A second matter is the unmistakable degree of hatred present on both sides of the ethnic divide. Will political leaders try to channel voters' energies into more constructive directions, or will vote-hunters try to capitalize on fears and hatreds?

One thing, at any rate, is clear: the leaders of the four main parties have committed themselves in writing to making the settlement work. If the agreement proves to be just one more "Balkan scrap of paper," blame will lie not only with the men with the guns or the bigots in the cafes. (Patrick Moore)

THE MACEDONIAN PEACE AGREEMENT, PART I. After they signed the peace deal on 13 August in Skopje, Macedonian and ethnic Albanian politicians -- as well as representatives of the international community -- hailed the framework agreement. There were some cautious voices as well, but the overall mood was very positive (see "RFE/RL Newsline," 13 and 14 August 2001).

The negotiations and public discussions leading up to the agreement concentrated on improving the legal status of the ethnic Albanian minority, which makes up about one-third of the Macedonian population. Among the most contentious issues were: rewording the preamble to the constitution, especially the section referring to the character of the state; devising a mechanism to protect the representatives of the Albanian minority from being outvoted in parliament; granting rights for using the Albanian language in local and national government institutions; and increasing the representation of Albanians in the police force.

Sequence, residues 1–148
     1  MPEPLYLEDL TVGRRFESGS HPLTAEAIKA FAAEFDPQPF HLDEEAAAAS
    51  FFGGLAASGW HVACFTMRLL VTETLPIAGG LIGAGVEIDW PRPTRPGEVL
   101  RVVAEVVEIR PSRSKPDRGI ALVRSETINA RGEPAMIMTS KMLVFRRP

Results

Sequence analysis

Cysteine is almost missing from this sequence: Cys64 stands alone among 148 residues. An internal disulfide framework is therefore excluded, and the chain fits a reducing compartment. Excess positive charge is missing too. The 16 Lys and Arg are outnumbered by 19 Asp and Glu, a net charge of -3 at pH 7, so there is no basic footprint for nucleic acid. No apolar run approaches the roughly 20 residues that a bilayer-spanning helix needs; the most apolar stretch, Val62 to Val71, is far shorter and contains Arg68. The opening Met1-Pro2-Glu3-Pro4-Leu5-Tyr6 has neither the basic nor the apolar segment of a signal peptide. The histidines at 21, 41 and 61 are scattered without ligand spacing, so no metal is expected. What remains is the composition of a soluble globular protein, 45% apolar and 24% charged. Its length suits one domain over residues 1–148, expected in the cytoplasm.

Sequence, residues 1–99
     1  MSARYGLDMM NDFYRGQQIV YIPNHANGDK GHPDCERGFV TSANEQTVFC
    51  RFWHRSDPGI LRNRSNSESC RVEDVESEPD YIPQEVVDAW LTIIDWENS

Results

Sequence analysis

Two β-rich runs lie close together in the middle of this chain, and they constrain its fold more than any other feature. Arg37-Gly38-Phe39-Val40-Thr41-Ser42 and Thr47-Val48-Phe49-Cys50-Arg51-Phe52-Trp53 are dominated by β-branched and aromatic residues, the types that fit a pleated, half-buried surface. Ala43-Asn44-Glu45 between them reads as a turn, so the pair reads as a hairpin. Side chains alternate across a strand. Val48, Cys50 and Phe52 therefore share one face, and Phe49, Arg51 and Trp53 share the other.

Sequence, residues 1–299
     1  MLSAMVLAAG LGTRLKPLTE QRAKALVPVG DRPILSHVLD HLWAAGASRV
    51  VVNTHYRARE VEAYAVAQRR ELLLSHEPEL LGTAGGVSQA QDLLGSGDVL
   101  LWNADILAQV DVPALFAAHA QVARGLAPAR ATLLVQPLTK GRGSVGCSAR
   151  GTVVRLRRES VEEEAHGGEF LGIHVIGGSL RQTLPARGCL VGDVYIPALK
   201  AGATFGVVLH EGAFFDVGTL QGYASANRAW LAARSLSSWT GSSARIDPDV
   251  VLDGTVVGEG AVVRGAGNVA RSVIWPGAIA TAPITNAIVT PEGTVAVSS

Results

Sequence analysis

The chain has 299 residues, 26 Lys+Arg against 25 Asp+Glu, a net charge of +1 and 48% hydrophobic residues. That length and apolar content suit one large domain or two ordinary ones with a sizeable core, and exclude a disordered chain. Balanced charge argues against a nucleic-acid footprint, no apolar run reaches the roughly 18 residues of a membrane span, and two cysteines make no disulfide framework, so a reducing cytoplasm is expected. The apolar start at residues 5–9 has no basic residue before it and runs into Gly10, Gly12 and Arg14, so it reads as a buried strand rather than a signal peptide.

Another cornerstone of the framework agreement is expanding the role of local self-government and the municipalities to areas previously handled by the central authorities. A draft law on local self-government had already been proposed by the government in March 2001. Annex B to the new agreement states that any "revised law shall in no respect be less favorable to the units of local self-government and their autonomy than the draft law [was]...." Many improvements in the Albanians' legal status demanded by the National Liberation Army (UCK) and the leaders of the ethnic Albanian political parties will be set down as amendments to the current constitution and as new laws. These constitutional changes and laws will deal with specific issues, such as the use of languages, matters concerning local self-government, and the functioning of the parliament. The most important aspects are as follows: